So Thanksgiving has come and gone in Canada. What a wonderful weekend. It was beautiful. Cool nights, days warm enough for long sleeves and no jackets, autumn colours, lots to do… and food. Good, good food.
An annual favourite of mine, after sampling all of the treats in the food tent at a local craft show, is freshly made apple fritters. Teens sat around a cauldron, dipping gloved handfuls of apple chunks into batter before carefully lowering them into the boiling oil. They are dusted (doused) in powdered sugar and served up fresh and hot. A real autumn treat, to be sure!
During our Thanksgiving dinner, we encouraged the kids to think about what they were thankful for. We talked about how wonderful the summer has been for playgrounds. We’ve been to so many. I have lost count. From here to Toronto and back again. And even this weekend we were cramming in more visits, in the slim moments of daylight between dinner and darkness.
We also talked about the harvest around here, which was amazing this year. Such abundance of everything! We bought local corn on the cob and strawberries – STRAWBERRIES – this weekend. Apples have not only recovered from last year’s disaster, they’ve made up for it. Everything was incredible this year, it seemed. We have had so much to be thankful for this year. I want our kids to grow up understanding the link between what they are able to enjoy and the work that others put in to enable them to enjoy it. We shop locally as much as possible, bringing the kids to farms and farm stands, letting them see what’s available through the local food co-op… It’s a connection that matters to me very much. We owe a lot to people who are seldom seen, but who provide the things that we are so thankful for.
The main event
(I apologize now for the lack of photos – we were too busy eating to take any) We don’t do a big family thing for Thanksgiving. It’s just the four of us. But I still love to prep many things ahead of time. Some integral to a proper Thanksgiving dinner, some for fun. In the week leading up to our dinner, I made pumpkin pickles, cranberry sauce, dulce de leche ice cream base, and sausage stuffing. We picked up our fresh, drug-free turkey on Thursday and I dry brined it with Hawaiian red salt, which left a pretty colour on it.
Our side dishes are simple. Garlic mashed potatoes and carrots, fresh green beans, roasted golden beets… When food is fresh and good, it needs little prep. And honestly, the point of me doing so much in advance is so I have less to do the afternoon of the big meal.
And as so many know, sometimes the best part of Thanksgiving dinner is the leftovers. I made a hash of sorts with some of the turkey and all of the stuffing. We had it with the above mentioned corn on the cob on Monday. Yum!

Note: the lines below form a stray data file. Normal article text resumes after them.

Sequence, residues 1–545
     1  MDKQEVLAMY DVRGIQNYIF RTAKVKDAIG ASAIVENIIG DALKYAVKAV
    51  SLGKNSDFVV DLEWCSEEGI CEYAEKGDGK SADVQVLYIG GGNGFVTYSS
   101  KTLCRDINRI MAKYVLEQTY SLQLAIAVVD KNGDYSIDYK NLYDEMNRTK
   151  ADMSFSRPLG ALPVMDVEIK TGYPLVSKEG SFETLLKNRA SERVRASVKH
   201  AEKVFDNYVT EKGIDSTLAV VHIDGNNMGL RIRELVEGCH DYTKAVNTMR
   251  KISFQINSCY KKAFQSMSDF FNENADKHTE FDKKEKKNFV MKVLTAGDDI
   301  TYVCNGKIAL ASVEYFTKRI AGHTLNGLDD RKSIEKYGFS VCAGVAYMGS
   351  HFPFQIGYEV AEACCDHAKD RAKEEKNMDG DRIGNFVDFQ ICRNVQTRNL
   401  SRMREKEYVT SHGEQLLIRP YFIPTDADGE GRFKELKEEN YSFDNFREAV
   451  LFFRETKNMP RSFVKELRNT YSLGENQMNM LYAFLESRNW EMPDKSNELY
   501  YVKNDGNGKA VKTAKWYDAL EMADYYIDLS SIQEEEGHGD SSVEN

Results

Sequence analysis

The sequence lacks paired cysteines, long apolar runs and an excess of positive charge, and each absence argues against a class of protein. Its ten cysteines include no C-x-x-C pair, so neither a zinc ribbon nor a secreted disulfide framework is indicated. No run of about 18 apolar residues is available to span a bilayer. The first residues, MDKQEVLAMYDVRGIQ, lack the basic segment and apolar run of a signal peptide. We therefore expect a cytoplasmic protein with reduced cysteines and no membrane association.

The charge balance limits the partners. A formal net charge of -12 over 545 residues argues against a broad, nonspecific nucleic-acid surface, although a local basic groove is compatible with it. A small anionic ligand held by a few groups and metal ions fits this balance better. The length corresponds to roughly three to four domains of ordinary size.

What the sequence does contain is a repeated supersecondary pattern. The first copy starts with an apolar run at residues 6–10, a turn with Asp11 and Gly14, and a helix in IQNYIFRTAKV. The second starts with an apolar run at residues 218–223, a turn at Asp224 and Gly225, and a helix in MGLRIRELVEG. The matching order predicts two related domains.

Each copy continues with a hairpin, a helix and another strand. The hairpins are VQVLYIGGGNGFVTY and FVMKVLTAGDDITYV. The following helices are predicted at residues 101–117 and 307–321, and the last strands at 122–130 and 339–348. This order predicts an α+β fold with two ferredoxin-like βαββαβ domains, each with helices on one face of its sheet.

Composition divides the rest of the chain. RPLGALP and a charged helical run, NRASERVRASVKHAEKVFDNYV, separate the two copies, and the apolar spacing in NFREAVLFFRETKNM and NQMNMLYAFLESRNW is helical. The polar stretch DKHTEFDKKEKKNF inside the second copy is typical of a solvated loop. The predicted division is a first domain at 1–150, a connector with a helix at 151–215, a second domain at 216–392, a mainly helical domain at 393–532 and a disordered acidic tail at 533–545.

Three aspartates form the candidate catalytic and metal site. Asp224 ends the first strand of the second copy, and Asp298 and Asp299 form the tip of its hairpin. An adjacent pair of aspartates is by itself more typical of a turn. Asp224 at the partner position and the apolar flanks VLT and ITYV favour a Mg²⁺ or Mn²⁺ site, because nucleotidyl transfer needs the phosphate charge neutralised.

Yesterday afternoon I made a soup for hubby to take for lunches the rest of the week. I haven’t used the turkey bones for stock yet, so I cobbled this together with what I had. It’s not a recipe, per se, but a list of suggestions that worked for me. Adjust the flavours to your taste.
Leftover Turkey Soup
I call this “leftover soup” not just because it has leftover turkey, but because it has a lot of the leftovers in it. Beer, cranberry sauce, gravy… had there been leftover veggies I would have added them too.
I started with a roux of butter and flour in a medium sized saucepan. A little more butter than flour, because once it was ready, I added some chopped celery, onions and yellow pepper. They got friendly for a bit before I added about 1/3 cup of leftover beer. Wine would be fine, too. I added a little water to keep it from getting too thick.
In went the leftover gravy. About 2 cups. And enough water to thin it all to soup consistency (I would have used stock if I had some). Then I added about a quarter cup of barbecue sauce, a dash of smoked paprika and a little ancho chili powder. Flavour it the way you like. Curry, tex-mex, Asian… I wanted something different from the Thanksgiving flavours we’d had the past couple of days.
I stirred in some leftover diced dark turkey meat, a couple spoonfuls of cranberry sauce and a brown basmati and wild rice blend. It simmered for a while to get the rice tender and it was done. I tossed in some frozen peas at that point and put it into mason jars for hubby to take for lunch. Easy peasy, and warming for the cooling days ahead. I think I got about 6 cups or so altogether. This can be scaled up or down as needed, and would freeze well.
Shifting gears – but not really
Today is World Food Day. I don’t want this to be a side note or afterthought, as I see it tying in quite well with thankfulness and abundance. According to the Food and Agricultural Organization of the United Nations, some 852 million people in developing countries were undernourished in 2010-2012. That’s just in developing countries! In Canada, food insecurity isn’t exactly a foreign issue either. 1 in 8 households live with “insufficient access to safe and nutritious food that meets dietary needs for a healthy life.” Every year we direct money that we’d otherwise spend on “stuff” gifts at Christmas (you know, the meaningless extra “stuff” you buy because you’re supposed to) to a charity. This year I’m looking at the Canadian Foodgrains Bank, and I encourage each of you to look into where you can meet needs, if you’re able, and give. Locally, nationally or globally. Hunger is everywhere.